The Departments of Political Science and of Economics at the University of Helsinki recently held a seminar entitled “Economics: Challenges for Political, Philosophical and Historical Research”. The motivation was a reorganisation of the University that will combine these two Departments. The flyer for the seminar advertised it in the following manner:
This seminar, organized jointly by the Department of Political Science, Department of Economics and Centre of Excellence on Global Governance Research, will start with reflections on the role of economics and economic studies.
- Can we combine economics and politics through political economy?
- Have political and economic studies neglected history?
- How can different methodological tools be combined?
One of the contexts for the seminar is the creation of the new Department of Economic and Political Studies at the University of Helsinki. More generally, we hope to contribute to theoretical and political debates on how to explain recent and future changes in global capitalism.
I was invited to put the perspective of economists who are critical of neoclassical economics, while the perspective of those favourably disposed to this school of thought was put by Professor Vesa Kanniainen from the Department of Economics at the University of Helsinki. The other speakers were:
- Isabella Bakker, Professor of Political Science, York University;
- Susanna Fellman, Professor of Economic History, University of Helsinki;
- Uskali Mäki, Academy Professor of Philosophy, University of Helsinki; and
- Heikki Patomäki, Innovation Professor of Human Security, Globalizations and Global Institutions, RMIT University.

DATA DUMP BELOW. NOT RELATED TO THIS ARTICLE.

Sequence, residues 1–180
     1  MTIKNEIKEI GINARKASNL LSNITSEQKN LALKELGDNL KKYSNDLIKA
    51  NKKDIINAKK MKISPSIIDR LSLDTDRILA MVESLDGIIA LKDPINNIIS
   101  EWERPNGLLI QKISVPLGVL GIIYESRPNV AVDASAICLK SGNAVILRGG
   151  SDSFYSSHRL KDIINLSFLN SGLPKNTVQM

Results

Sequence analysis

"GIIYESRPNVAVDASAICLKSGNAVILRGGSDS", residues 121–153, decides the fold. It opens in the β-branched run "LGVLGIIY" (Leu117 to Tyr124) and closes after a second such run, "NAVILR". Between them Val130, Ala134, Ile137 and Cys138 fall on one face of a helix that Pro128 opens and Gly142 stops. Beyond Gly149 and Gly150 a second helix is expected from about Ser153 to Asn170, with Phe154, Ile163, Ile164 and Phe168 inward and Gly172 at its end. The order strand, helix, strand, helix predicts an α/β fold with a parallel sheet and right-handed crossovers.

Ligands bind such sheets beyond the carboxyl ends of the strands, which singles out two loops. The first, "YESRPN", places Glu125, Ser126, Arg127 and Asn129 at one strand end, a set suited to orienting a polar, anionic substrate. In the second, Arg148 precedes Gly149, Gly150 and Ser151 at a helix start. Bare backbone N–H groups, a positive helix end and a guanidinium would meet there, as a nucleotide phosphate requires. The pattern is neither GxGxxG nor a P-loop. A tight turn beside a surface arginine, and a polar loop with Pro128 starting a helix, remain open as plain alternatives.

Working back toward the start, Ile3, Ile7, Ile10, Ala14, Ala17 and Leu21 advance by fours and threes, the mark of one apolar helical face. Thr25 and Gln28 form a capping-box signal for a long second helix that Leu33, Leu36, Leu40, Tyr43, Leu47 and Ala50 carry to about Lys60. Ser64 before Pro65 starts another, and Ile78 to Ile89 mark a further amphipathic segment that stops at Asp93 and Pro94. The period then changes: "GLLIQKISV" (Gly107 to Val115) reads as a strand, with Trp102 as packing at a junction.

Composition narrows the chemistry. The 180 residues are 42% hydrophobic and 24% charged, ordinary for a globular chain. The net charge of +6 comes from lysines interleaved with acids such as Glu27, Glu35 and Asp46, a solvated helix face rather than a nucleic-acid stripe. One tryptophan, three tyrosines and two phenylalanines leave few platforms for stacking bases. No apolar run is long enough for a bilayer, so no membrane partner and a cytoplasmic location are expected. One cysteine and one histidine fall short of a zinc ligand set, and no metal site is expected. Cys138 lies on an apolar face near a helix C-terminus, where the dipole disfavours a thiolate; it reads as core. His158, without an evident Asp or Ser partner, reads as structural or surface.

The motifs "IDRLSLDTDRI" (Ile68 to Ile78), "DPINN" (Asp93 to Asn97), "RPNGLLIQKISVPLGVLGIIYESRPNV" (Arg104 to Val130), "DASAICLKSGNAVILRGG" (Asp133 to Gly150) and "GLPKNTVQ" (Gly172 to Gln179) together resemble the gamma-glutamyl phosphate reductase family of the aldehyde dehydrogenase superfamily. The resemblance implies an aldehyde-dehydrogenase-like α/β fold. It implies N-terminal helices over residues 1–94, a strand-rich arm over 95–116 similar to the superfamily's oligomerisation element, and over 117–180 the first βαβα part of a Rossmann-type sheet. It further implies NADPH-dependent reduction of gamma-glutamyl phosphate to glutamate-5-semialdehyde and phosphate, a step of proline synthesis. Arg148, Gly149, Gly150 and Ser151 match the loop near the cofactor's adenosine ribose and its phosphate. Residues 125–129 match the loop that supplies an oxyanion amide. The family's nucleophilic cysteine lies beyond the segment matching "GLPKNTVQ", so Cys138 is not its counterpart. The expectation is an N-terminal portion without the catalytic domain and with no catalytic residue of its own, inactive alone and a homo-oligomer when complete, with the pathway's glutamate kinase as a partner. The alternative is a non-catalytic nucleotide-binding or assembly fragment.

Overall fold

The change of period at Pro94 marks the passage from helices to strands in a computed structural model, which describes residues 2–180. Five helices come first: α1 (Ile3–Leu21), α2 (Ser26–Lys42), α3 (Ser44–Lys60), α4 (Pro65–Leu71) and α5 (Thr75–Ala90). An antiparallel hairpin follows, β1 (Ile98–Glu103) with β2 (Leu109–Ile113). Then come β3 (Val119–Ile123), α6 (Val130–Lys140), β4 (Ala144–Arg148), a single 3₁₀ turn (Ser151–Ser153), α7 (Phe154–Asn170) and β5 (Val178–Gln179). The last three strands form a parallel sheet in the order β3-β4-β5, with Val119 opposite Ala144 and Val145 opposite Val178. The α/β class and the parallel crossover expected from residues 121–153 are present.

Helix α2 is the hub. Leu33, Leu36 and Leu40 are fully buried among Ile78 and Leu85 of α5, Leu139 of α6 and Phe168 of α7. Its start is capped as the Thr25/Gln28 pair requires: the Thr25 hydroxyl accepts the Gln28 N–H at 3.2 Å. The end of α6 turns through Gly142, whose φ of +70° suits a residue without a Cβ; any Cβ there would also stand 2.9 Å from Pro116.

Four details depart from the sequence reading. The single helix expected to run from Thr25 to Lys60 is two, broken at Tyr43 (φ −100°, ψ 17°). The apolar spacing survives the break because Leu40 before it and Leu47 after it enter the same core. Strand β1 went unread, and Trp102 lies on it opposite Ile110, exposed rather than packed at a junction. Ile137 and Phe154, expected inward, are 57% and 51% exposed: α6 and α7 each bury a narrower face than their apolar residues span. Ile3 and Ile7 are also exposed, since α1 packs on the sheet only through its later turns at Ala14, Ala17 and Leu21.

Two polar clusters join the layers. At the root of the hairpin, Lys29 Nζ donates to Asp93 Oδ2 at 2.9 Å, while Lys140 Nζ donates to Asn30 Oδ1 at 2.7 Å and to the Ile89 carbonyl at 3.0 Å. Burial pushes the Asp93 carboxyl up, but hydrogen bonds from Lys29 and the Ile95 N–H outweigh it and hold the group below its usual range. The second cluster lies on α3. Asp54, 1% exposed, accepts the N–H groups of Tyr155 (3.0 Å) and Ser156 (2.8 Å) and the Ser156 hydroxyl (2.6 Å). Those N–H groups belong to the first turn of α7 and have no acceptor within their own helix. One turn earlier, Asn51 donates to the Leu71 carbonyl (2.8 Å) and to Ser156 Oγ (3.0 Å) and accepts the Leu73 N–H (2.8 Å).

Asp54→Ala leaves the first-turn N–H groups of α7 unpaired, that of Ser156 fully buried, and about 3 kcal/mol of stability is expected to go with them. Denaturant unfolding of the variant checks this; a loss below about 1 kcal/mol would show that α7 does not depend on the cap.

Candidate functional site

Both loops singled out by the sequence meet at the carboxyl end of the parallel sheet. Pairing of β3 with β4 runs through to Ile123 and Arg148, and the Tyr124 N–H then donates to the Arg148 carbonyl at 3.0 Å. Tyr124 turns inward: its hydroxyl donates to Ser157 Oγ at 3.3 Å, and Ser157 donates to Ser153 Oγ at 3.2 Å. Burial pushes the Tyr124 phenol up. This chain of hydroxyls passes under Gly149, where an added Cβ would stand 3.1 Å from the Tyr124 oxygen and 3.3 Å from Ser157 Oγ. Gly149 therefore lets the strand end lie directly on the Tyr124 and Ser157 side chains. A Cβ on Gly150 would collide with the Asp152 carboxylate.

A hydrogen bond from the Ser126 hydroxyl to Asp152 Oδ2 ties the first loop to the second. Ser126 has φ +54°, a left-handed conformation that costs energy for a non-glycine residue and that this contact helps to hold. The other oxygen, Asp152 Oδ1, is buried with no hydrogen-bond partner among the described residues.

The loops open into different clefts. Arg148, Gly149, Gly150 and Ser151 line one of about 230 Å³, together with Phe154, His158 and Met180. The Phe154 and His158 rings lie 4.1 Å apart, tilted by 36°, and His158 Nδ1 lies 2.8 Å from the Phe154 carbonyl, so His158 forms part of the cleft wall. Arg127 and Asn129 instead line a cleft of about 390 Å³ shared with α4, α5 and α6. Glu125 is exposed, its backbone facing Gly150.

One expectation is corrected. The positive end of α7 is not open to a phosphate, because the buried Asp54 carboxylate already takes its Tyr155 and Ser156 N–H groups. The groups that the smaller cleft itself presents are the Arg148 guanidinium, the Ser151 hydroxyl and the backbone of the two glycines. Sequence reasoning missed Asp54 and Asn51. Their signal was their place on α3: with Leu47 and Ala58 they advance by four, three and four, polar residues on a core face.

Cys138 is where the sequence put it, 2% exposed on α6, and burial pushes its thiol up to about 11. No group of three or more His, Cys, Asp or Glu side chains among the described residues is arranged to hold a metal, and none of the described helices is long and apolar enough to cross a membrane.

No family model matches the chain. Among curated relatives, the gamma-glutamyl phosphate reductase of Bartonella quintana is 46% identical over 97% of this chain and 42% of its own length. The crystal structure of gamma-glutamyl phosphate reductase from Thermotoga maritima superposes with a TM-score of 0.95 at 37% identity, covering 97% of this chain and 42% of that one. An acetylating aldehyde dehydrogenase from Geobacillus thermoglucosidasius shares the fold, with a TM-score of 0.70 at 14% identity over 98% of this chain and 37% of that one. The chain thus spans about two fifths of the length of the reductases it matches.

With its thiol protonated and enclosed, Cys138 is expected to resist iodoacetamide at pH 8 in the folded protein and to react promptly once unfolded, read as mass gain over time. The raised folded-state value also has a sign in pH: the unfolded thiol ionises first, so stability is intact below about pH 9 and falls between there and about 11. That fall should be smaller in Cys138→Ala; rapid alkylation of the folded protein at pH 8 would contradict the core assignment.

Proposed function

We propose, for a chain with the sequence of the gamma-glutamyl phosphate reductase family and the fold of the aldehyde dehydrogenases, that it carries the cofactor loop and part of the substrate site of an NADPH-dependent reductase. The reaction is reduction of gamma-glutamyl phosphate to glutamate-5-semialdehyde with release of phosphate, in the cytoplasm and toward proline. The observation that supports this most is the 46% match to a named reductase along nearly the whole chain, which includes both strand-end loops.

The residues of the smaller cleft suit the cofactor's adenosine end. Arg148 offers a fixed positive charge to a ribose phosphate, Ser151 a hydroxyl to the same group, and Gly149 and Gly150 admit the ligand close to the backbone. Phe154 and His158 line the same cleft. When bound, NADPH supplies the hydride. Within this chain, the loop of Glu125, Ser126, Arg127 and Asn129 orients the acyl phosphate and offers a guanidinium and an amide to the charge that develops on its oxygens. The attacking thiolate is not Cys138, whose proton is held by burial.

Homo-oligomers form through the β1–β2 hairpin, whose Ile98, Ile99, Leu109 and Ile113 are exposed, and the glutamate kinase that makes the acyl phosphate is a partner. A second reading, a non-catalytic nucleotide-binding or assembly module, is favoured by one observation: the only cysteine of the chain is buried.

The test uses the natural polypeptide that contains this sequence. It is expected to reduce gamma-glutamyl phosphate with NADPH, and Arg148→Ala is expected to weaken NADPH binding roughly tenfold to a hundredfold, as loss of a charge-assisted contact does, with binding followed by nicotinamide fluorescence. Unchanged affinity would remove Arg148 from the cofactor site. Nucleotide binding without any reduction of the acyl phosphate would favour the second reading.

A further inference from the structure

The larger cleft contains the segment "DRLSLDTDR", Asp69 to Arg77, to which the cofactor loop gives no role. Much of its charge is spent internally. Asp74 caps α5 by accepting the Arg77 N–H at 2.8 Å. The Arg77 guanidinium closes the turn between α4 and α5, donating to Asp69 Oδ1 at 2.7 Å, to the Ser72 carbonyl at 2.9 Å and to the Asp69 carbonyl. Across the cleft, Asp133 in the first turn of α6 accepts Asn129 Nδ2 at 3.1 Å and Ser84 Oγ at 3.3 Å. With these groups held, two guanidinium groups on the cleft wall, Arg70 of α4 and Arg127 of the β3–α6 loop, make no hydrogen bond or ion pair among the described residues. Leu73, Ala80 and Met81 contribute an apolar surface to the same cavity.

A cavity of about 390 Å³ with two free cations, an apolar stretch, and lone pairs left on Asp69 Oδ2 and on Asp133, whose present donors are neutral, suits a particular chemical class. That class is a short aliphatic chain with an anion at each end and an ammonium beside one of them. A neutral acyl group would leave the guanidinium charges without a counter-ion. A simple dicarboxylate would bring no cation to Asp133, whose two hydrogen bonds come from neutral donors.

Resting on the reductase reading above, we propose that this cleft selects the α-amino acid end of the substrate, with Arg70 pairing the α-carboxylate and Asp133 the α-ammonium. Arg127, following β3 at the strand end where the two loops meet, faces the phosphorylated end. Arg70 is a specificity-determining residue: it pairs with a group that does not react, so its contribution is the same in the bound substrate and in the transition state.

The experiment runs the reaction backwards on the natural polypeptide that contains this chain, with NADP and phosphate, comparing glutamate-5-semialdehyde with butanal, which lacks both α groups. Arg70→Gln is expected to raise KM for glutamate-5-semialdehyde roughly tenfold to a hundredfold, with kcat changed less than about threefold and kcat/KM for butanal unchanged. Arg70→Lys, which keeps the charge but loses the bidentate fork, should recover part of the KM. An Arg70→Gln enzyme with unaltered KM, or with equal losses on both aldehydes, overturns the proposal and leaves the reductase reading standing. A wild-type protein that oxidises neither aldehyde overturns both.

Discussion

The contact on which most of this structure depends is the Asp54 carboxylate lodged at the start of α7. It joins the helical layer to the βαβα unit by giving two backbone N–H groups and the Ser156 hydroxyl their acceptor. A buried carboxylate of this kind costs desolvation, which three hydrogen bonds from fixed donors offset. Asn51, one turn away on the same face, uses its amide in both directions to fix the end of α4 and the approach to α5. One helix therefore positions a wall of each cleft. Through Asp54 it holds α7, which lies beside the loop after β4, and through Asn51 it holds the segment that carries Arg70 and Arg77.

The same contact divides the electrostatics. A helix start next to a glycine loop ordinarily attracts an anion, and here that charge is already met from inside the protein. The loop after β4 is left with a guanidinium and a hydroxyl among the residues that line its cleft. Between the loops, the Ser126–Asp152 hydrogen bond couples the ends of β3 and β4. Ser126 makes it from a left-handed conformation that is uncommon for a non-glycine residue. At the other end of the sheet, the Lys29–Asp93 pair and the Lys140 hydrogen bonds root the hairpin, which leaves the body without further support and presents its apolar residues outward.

The seminar was chaired by Teivo Teivainen, Professor of World Politics, University of Helsinki.
I videotaped the talks, and also made an audio recording–the latter includes about an hour’s discussion that was not recorded on video (since my camera’s battery ran out). The presentations and the discussions should be of interest to anyone who is curious about the capacity of economics to reform itself in the light of the global financial crisis, and the failure of neoclassical economics to anticipate this event.
The recording is in three segments: from the introductions and opening address by Vesa to most of the way through my talk:Steve Keen’s Debtwatch Podcast
From the end of my talk to that by Uskali Mäki:Steve Keen’s Debtwatch Podcast
And from Uskali Mäki till the end of the speechesSteve Keen’s Debtwatch Podcast
Discussion then followed for roughly an hour; all the preceding speeches and this last hour of discussion is recorded in the following audio file:
Steve Keen’s Debtwatch Podcast
The Powerpoint file for my presentation is available here.